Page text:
I always knew that my family was a little different, but it wasn’t until my mid-teens that I realized exactly how weird we were. An African-American family living in the suburban greenery of Hollis, Queens, at the outskirts of New York City, we thought little of the fact that my father’s big hobby was hunting game birds. With dogs, no less. Often on horseback.
What do you really know about beer, the third most popular drink in the world (after water and tea)? We all know whether we like it or not, and which brand is our favorite brew, but do you know all there is to know about the drink? Try your luck with our quiz below from facts and figures pulled from The Oxford Companion to Beer!
Sons are eating their mothers’ brains. Brothers are eating each other’s brains, and the baby is eating the brain of the pet cat. It has finally happened. The zombie apocalypse is here. As May is International Zombie Awareness Month, I offer my bloodied hand to guide you through the five things you need to know to survive a zombie apocalypse.
The long-awaited third season of Game of Thrones premiers on HBO 31 March 2013 and Oxford University Press has everything you need to get ready, whether you’re looking to brush up on your dragon lore, forge your own Valyrian steel, or learn about some of the most dramatic real-life succession fights culled from our archives.
By Garrett Oliver
For those of us who celebrate Christmas, this time of year is resplendent with sights, songs, and smells that bring the holiday instantly to mind. Most of us who grew up with a real Christmas tree in the house are instantly transported by the smell of a freshly cut fir tree. For others, it’s the smell of pies baking. For the ancients, it was frankincense and myrrh. For me… it’s latex paint. Wait, I can explain!
Ever wonder what ingredients are needed to make beer? How do they interact? What exactly does fermentation entail? Garrett Oliver, editor of The Oxford Companion to Beer, takes us inside the Brooklyn Brewery to show us where beer comes from and how fermentation works. He is brewmaster of the Brooklyn Brewery and the foremost authority on beer in the United States.
By Daniel ‘Pussy Galore’ Parker and Gabby ‘Odd Job’ Fletcher
‘Ah’, he says stroking a white fluffy cat, ‘we’ve been expecting you’. Leave Ms Moneypenny with a peck on the cheek, stash your Walther PPK in your back pocket and jump into our Aston Martin so you can join us as we speed through an A to Z of Bond fun, fact, and fiction. We have stories about Roger Moore’s penchant for love-making, tales of fictional islands, and even anecdotes about crocodile jumping. We’ve devoured OUP’s online reference works to bring you a delicious helping of double 0 heaven. Welcome to the world of Bond, James Bond
You’ve heard of the ever-popular wine and cheese pairing – perhaps you’re even a big fan. But you may not know that even wine experts says you haven’t tried a good pairing until you’ve had cheese and beer. While the combinations of beers and cheese are seemingly infinite, Garrett Oliver points us in the right directions with a few suggestions. The pairings listed below were excerpted from The Oxford Companion to Beer.
Rice is not the first thing that comes to mind when you are drinking a nice, cold beer. And if you’re a beer connoisseur, even less so. For many years, it has been considered to be an affront to the institution of craft beer making to use rice. However, some beer makers are toying with the use of rice in beer again as homage to the practices that occurred before the Prohibition. This counterculture attitude reflects how beer brewers are looking to the past to evolve current drinkers’ palates. The following excerpt from the The Oxford Companion to Beer goes into detail on exactly how rice is used. Enjoy!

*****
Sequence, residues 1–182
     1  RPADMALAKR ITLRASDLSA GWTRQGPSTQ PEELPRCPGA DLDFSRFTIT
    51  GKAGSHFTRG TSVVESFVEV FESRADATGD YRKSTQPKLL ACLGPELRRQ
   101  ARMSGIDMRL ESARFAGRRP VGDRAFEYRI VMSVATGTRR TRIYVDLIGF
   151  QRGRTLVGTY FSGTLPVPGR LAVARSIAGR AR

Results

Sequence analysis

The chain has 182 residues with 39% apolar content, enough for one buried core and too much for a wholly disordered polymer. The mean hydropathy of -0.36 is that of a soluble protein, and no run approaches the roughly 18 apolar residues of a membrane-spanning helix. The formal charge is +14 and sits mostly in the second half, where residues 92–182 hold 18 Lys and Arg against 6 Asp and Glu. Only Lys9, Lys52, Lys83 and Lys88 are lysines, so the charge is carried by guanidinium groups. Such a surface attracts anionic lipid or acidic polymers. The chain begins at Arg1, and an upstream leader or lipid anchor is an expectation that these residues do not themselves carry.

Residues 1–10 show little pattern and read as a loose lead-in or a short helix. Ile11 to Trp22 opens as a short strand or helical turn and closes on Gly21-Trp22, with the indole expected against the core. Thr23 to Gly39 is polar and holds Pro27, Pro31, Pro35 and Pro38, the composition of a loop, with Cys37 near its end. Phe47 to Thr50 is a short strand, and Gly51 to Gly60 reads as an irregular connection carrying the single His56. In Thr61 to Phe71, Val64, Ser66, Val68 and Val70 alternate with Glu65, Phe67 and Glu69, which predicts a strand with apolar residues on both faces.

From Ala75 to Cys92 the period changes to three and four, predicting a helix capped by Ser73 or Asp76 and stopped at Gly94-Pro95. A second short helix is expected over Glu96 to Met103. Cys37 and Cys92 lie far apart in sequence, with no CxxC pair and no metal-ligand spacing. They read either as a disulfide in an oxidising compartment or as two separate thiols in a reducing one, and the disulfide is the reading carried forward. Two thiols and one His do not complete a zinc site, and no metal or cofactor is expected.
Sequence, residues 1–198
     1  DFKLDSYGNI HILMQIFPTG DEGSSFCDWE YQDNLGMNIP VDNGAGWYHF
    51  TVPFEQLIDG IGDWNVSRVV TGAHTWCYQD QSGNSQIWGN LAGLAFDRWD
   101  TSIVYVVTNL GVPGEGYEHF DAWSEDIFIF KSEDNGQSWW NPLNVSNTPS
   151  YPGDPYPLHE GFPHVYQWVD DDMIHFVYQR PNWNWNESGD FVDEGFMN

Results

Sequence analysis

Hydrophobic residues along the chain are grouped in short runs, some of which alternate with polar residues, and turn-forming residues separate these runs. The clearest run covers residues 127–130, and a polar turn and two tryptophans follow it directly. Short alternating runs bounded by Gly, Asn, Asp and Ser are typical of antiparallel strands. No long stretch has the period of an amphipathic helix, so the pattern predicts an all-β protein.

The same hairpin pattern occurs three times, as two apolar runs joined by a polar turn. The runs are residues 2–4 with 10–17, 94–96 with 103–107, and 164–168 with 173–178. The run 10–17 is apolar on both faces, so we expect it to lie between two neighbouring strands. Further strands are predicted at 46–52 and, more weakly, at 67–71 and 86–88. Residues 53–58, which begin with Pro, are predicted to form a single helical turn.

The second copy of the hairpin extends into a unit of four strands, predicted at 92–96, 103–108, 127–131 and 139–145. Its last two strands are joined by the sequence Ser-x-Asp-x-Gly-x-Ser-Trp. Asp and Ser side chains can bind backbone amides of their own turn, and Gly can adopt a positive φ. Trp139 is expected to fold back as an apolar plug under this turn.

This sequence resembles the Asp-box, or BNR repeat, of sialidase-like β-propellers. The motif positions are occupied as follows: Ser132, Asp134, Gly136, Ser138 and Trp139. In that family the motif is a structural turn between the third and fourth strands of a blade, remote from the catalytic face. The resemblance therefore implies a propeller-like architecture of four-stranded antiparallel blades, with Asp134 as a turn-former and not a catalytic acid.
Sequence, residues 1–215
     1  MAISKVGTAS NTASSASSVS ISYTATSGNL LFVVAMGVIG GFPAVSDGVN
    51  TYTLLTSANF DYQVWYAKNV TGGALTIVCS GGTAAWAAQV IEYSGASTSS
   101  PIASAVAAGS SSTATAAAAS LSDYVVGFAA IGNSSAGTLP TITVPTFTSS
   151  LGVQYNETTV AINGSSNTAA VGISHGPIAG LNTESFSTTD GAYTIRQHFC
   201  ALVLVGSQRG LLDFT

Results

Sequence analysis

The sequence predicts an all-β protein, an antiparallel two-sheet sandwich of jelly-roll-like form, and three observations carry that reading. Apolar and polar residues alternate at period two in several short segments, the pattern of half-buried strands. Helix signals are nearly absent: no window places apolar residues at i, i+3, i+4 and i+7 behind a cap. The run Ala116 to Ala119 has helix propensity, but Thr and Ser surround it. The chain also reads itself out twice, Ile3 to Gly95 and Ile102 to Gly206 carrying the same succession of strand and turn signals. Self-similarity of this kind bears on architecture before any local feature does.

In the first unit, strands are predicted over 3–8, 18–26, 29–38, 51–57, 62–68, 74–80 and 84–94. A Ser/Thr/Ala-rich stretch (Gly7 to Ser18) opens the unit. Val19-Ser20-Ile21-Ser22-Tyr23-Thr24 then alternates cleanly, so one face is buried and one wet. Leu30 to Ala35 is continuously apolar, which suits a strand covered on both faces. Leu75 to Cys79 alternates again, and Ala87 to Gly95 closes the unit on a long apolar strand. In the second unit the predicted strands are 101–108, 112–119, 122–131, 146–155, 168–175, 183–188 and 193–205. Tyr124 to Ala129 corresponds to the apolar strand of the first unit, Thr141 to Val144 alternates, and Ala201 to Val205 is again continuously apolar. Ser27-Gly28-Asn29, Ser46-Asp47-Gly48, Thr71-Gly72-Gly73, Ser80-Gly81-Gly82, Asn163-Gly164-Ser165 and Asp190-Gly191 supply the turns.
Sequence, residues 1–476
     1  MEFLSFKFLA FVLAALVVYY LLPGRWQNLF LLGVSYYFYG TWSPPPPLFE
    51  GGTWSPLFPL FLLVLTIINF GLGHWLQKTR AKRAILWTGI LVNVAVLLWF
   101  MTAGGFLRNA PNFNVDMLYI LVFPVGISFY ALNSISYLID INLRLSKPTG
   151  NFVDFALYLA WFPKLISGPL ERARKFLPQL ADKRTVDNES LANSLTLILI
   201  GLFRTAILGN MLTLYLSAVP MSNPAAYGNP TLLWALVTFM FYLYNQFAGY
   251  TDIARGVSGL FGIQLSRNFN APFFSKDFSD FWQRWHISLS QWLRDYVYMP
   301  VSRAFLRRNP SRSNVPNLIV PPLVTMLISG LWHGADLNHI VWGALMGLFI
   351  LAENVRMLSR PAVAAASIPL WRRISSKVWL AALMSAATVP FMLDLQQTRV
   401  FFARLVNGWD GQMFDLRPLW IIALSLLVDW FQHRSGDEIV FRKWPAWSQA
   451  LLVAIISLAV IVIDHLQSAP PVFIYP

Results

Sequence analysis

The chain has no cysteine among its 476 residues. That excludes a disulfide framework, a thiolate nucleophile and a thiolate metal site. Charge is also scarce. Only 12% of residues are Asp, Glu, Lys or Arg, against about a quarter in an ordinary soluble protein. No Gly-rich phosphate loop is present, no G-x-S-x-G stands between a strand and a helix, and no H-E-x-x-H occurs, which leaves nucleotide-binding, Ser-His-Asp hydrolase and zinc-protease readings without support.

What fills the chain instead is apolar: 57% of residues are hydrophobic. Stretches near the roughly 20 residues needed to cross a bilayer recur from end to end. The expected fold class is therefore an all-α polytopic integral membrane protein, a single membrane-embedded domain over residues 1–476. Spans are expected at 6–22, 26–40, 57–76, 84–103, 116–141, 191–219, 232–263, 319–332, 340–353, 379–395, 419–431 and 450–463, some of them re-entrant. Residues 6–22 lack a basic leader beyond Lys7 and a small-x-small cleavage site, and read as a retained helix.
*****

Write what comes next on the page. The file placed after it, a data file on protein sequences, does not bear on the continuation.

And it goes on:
Thanksgiving is all about tradition, and if you are like my family, your dinner will probably be served with wine. But having recently spent some time with The Oxford Companion to Beer and its Editor-in-Chief Garrett Oliver, I am thinking about adding a little twist to the end of the meal.
By Max Sinsheimer
The Oxford Companion to Beer in hand, I took off for three days at the Great American Beer Festival in Denver last week. This beer-lovers Mecca boasts the largest collection of American beer ever served, its popularity growing with each passing year. In 1982, the festival’s first year, there were 800 attendees in a 5,000 square foot festival hall. This year
In the premiere episode of The Oxford Comment, Lauren and Michelle talk to Benjamin Carp about the drinking habits of the Founding Fathers and visit brewmaster Garrett Oliver at the Brooklyn Brewery.
Anatoly finds the appropriate sustenance for spelling reformers.
By Jonathan Kroberger
Today is International Beer Day and there’s nothing we like to talk about more than a few good brews. Between the Oxford Companion to Beer, America Walks into a Bar, Beer: Tap into the Art and Science of Brewing, The Economics of Beer, and several episodes of The Oxford Comment, OUP employees have managed to imbibe a little expertise in the area.
Garrett Oliver, editor of The Oxford Companion to Beer, takes us behind the scenes of the brewing process inside the Brooklyn Brewery’s Refermentation Room, and his favorite room in the brewery — the Barrel Room. He is brewmaster of the Brooklyn Brewery and the foremost authority on beer in the United States.
Today the tents will open at the most famous beer festival in the world: Oktoberfest. That’s right, it starts in September. For those of us who can’t make it to a Munich beer tent between now and the end of the festival on October 6th, here’s the Oktoberfest entry by Conrad Seidl in The Oxford Companion to Beer, edited by Garrett Oliver.